Materion History

We may be only five years old – but we’ve got hundreds of years of history.

In the marketplace and among our customers, we’re known by a single name: Materion. Yet, we’ve built who we are today because we have centuries of innovative lineage behind us. These collective efforts fuel the Materion of tomorrow.

Charles F. Brush Jr. and Dr. Charles B. Sawyer

Sawyer, a metallurgical engineer, worked with Brush to investigate the commercial potential of mineral crystals. Together the two founded Brush Laboratories Company.

Acquisition of EIS Optics in Shanghai

Materion in health care

A test strip Materion develops makes blood glucose meters easier to use.

Where we started...

Although we're Materion today, we've been known by many names over the years. On January 9, 1931, the Brush Beryllium Company officially incorporated, with a capitalized investment of $500.

Company goes public

The company makes its first public stock offering and is traded over the counter. In 1972, the company is listed on the New York Stock Exchange with the symbol: BW.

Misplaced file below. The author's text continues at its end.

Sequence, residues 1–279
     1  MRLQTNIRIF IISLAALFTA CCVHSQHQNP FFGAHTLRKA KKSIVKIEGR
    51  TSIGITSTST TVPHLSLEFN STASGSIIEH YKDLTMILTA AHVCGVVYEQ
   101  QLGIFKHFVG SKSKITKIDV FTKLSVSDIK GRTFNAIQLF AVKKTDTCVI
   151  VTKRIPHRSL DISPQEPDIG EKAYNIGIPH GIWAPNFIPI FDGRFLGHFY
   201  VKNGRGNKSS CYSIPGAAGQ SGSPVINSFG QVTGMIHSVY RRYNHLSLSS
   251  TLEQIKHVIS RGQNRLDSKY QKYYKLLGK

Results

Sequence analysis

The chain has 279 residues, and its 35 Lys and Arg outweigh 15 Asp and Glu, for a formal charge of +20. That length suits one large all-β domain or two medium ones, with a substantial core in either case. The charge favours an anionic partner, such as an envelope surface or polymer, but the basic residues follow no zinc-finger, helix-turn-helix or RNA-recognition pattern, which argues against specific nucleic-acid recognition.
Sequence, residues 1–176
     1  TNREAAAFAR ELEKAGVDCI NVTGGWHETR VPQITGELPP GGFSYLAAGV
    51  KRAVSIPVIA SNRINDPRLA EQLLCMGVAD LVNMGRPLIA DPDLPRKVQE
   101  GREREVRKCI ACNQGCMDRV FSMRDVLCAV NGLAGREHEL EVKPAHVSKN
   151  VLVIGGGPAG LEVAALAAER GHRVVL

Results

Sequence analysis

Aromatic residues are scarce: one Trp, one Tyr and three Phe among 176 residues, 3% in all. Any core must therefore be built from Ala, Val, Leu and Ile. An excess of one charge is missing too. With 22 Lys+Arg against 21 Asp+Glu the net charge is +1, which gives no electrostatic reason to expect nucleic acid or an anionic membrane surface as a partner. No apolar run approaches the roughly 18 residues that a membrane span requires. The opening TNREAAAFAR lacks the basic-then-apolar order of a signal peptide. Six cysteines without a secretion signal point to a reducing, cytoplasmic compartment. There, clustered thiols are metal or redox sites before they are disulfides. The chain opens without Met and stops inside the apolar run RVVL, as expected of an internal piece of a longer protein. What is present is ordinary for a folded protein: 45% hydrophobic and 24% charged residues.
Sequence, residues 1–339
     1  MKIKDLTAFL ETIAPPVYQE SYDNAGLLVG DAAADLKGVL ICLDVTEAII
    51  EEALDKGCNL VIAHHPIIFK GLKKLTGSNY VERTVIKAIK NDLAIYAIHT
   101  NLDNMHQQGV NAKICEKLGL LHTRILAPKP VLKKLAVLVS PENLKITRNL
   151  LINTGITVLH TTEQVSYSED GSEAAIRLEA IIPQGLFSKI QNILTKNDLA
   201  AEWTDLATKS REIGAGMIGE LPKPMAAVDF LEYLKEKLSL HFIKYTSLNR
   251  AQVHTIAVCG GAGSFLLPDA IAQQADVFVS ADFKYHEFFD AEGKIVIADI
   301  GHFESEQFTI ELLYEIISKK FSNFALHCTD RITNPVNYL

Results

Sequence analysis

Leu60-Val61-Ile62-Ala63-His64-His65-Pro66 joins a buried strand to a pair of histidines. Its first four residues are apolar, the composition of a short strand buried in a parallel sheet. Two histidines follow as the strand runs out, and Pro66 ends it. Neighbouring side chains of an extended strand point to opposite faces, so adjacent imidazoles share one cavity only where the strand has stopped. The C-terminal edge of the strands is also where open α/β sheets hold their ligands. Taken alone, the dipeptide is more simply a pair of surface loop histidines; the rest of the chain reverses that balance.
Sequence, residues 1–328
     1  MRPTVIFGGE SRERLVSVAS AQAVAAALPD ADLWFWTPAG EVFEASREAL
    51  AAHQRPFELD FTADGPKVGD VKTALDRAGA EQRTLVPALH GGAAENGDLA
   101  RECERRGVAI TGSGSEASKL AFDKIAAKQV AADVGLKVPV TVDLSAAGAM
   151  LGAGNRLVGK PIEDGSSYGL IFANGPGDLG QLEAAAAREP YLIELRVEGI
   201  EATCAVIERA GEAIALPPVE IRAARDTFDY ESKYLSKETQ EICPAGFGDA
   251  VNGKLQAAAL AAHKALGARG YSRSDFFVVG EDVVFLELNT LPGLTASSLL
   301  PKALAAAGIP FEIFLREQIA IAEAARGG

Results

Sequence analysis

Acquisition of Penn Precision Products in Reading, PA

The company enters the copper beryllium rolled products business.

Acquisition of friction material producer S.K. Wellman

Shareholders vote to change the company name to Brush Wellman, which remains the primary identity until 2000, when the corporate name was changed to Brush Engineered Materials.

Acquisition of ceramics operation in Massachusetts

The purchase allows the company to begin manufacturing a new generation of beryllia ceramic electronic packages.

Acquisition of Technical Materials, Inc. (TMI) in Rhode Island

The purchase adds specialty metals to the company's portfolio.

Beryllium oxide makes its debut in radio tubes

The company's first commercial sale – an order of 50 pounds of pure beryllium oxide – was made in the early months of 1933 to the Rare Metals Manufacturing Company, which produced electric insulators in radio tubes. Other early oxide customers included the American Lava Corporation, Ken-Rad Corporation and the General Electric Company which needed the materials to manufacture refractories, spark plugs, electrical porcelains and gas mantles.

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